This is probably going to sound harsh, but… get over it. You’re an established award winning author. Who cares what one or two naysayers think? They will always be around. (If there were howls of outrage, I’d be saying something else.)

    For you to be awarded the Nero is a testament to your skills and talent as a writer and the hard work of the judging panel. If they didn’t think you were worthy, they wouldn’t have given it to you.

    And the ‘wtf’ for Vanish? Again, not a big deal. It shows that the book was worthy in the eyes of the judges – of course, we already knew it was worthy!

    So, to recap: award panels do not give out gongs to just anybody; it is foolish to feel slighted by a minor, minor, minority when the majority all heartily approve of the awards.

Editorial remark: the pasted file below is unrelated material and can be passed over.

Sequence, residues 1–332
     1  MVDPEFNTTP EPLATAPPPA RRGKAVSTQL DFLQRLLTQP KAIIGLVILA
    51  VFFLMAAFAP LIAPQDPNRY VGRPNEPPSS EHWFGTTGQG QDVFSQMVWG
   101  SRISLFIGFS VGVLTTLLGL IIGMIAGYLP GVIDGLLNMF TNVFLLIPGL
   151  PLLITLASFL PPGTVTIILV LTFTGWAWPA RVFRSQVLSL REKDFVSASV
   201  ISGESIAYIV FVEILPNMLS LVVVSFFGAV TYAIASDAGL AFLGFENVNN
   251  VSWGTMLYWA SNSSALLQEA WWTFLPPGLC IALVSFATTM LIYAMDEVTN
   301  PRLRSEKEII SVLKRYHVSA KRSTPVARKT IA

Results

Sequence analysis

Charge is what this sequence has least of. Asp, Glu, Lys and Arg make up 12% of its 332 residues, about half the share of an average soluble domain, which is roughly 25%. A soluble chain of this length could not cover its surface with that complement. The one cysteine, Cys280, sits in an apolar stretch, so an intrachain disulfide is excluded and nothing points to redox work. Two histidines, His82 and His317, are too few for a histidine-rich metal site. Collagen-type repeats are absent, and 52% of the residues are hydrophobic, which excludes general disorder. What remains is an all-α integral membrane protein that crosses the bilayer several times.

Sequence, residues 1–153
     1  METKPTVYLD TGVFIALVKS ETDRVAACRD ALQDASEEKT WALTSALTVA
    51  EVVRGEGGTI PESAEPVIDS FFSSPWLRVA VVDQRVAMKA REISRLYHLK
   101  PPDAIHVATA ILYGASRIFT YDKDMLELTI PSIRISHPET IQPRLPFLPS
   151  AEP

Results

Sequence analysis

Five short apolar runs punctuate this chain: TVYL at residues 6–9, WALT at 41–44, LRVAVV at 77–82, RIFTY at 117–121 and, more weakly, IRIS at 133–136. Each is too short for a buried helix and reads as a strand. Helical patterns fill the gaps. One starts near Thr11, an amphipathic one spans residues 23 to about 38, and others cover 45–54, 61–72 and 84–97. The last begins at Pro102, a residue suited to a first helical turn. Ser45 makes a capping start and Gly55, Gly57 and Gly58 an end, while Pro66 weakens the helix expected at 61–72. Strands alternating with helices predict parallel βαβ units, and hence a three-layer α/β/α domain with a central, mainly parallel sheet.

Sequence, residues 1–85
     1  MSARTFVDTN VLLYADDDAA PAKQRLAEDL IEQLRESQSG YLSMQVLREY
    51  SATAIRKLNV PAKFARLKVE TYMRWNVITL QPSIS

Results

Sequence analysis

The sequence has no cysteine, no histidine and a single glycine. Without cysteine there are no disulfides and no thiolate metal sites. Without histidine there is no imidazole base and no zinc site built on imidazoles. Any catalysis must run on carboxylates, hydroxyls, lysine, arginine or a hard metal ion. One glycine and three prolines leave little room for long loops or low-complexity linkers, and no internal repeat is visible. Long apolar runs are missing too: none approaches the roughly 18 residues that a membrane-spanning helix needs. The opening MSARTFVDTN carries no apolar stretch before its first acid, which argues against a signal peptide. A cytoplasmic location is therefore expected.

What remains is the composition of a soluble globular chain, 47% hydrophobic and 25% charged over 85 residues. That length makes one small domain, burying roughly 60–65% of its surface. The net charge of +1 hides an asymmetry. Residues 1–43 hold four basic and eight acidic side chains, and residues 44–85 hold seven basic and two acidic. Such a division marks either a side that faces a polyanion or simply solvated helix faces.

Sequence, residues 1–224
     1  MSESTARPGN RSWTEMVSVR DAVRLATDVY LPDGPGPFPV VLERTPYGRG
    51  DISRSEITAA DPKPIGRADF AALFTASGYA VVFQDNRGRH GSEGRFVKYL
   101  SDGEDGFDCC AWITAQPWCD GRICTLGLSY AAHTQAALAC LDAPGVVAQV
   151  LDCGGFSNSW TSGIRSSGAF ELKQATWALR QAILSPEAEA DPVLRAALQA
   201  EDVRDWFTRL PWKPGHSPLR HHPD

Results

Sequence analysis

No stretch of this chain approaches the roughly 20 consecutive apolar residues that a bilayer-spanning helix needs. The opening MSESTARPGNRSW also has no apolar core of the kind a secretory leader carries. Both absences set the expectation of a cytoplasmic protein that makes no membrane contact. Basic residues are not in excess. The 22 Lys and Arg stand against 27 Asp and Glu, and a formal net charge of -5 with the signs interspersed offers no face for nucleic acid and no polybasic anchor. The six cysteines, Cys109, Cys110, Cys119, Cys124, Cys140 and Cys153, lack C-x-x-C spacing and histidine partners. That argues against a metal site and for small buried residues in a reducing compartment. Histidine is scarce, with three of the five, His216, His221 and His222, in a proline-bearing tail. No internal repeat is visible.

Forget those comments; you’re a success now and you’re not going to make everyone happy.

  2. Sean Lindsay
    Sean Lindsay says:

    I suspect you’re going to get a lot of “Forget about them! You’re great!” comments. And while that may be true, the fact that you’re posting this means that for some reason, you don’t fully believe it.

    Remember, though, there is a sizeable minority of people who believe the Internet was invented for the express purpose of anon- or pseudonymously bagging the famous and/or talented.

    I further suspect that some of this criticism is based in the residual “cringe” associated (by some) with the romance genre. As such, it’s an expression of prejudice, and little else.

    Some people hate Shakespeare. I don’t think he worries about it.

  3. Tess
    Tess says:

    yeah, you’re absolutely right. I should get over it. But the fact I’m blogging about it at all just shows that it bothered me. And that’s the danger of blogging while bothered.